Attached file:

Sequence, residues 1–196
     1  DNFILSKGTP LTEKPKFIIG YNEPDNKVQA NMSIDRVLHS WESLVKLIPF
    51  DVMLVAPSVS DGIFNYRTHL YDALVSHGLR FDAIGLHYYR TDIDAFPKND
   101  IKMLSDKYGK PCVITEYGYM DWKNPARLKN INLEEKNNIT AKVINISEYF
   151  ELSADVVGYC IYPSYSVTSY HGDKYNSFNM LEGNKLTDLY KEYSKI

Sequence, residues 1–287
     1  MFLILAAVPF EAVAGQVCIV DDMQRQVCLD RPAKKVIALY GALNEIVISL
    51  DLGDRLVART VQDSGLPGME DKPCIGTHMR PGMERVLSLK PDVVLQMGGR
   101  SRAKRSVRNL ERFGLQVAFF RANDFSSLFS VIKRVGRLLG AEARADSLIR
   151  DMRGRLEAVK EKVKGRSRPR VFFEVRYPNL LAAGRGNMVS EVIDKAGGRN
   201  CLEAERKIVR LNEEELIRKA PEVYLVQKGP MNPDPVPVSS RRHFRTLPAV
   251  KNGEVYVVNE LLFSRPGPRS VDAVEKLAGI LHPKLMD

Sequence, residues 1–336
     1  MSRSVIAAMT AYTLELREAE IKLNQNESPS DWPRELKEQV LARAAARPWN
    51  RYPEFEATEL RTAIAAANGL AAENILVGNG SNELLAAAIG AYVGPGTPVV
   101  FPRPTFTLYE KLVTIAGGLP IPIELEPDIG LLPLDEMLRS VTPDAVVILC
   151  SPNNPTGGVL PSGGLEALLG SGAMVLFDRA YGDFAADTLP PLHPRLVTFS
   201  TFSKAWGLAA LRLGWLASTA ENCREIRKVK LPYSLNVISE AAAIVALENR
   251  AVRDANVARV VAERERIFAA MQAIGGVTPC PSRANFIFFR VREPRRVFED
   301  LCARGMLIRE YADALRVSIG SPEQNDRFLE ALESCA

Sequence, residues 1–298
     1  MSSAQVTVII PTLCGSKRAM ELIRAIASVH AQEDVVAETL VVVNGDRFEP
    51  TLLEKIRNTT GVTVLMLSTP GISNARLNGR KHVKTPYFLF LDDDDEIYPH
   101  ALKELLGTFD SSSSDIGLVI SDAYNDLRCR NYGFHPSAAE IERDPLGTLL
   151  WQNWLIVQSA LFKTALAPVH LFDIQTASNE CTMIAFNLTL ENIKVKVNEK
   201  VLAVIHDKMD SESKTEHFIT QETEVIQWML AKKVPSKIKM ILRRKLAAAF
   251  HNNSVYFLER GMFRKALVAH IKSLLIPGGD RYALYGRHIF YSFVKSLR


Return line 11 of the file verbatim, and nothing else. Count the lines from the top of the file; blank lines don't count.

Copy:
   201  CLEAERKIVR LNEEELIRKA PEVYLVQKGP MNPDPVPVSS RRHFRTLPAV